A summary of important health news from the past week
By: Gregory Barber and Megan Molteni
Current health privacy laws allow tech giants, like Google, access to our personal medical information. Google’s discreet partnership with Ascension, the second largest health system, was revealed recently. This partnership facilitates sharing the personal health data of tens of millions of patients because Google is technically a business associate of Ascension. Business associates can access health information within legal restrictions of HIPAA. As long as Google works with the intention of improving health care quality with Ascension, they will continue to legally access our health data without our knowledge. Whether or not they actually need identifying information to help Ascension is the big question and worries people of more sinister intentions.
By: Tim McDonnell
2 billion people suffer from “hidden hunger,” which is consuming enough calories but lacking micronutrients – such as Vitamin A and iron – in one’s diet. This is often a problem in low-income countries where people rely on staples carbohydrates like corn and rice that are cheap and filling but not nutritious. While fortification of foods is common around the world, these fortified foods often don’t work because the uptake of the nutrients is hindered by cooking methods, storage of food, or simply because people dislike the taste. A study published by researchers at MIT found a new solution: packing nutrients into small packets. Made of a similar material to that of the coating on pills, these “microparticles” can be sprinkled into flour or salt. They found that their solution can withstand cooking and the nutrients can be “dissolved easily in the digestive system.” Nonetheless, cost remains a barrier and this solution doesn’t address the larger issue of access to nutritious food in low-income communities.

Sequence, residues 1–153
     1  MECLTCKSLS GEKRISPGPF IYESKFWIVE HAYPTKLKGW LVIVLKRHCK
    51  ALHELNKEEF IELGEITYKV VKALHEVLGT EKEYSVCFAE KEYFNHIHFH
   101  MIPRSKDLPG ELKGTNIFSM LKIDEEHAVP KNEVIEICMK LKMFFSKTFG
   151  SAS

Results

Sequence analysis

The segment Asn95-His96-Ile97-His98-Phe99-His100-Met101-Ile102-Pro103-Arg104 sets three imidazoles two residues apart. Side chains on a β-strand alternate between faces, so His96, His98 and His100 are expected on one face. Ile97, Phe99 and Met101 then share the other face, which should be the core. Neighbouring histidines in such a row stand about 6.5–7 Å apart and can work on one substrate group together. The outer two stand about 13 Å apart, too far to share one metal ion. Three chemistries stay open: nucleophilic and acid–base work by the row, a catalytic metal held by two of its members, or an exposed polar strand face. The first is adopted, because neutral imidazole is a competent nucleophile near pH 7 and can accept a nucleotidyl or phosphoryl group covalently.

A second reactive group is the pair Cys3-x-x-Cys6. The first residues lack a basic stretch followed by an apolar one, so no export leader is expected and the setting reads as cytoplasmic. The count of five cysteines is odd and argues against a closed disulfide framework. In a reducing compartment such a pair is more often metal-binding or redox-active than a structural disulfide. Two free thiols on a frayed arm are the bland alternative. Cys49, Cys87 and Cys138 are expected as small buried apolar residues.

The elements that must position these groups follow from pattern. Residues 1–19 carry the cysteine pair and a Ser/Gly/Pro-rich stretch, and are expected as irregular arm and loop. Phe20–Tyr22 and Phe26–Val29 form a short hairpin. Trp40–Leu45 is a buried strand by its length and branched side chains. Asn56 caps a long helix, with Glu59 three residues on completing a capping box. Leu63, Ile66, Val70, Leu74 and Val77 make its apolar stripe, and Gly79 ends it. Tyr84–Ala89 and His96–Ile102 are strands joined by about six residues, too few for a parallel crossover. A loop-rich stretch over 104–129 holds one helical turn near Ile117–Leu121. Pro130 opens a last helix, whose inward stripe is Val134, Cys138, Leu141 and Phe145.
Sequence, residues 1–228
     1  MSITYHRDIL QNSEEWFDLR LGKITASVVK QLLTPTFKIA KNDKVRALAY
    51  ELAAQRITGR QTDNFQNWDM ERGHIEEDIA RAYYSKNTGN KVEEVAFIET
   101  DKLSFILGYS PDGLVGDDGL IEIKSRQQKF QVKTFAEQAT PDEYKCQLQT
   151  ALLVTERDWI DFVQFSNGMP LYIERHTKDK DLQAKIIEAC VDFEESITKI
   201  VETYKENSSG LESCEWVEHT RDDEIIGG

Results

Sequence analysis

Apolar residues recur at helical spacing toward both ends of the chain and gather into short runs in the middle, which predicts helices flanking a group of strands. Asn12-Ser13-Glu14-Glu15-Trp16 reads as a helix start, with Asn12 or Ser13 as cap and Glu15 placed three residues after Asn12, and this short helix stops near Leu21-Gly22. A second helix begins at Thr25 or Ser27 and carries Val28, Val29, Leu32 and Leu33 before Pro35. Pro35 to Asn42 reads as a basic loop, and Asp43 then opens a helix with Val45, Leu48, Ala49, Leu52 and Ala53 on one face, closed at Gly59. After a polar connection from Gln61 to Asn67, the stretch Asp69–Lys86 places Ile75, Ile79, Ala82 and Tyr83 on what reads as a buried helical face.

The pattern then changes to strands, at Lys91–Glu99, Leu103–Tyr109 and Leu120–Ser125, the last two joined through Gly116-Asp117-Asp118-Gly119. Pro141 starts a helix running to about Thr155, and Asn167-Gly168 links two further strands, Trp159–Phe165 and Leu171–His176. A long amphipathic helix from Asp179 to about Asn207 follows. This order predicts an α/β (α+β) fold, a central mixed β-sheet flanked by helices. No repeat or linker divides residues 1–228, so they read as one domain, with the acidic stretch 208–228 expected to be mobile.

By: Dennis Thompson
A study presented last weekend at the American Heart Association meeting suggests the possibility of predicting who is most as risk for sudden cardiac arrest using a genetic test. People with one of 14 genetic variations seem to be at three times the risk than those without. The research was based on a comparison of the genetic sequences of 600 people who had sudden cardiac death and 600 people who hadn’t. Next, the researchers will follow healthy people to see who will die from sudden cardiac arrest and who won’t, and who has these genetic variations.
By: Donald G. McNeil Jr.
Insulin prices are increasing rapidly and there are shortages developing in poorer countries. The World Health Organization will begin to test and approve generic versions of the drug. They plan to decrease insulin prices by encouraging generic drug makers to enter the insulin market. Currently, there are three companies dominating the market, Eli Lilly, Novo Nordisk and Sanofi, and they have continuously increased the prices. With the WHO’s proactive stance to counter the insulin shortages, they hope that they can make insulin more accessible to people in developing nations.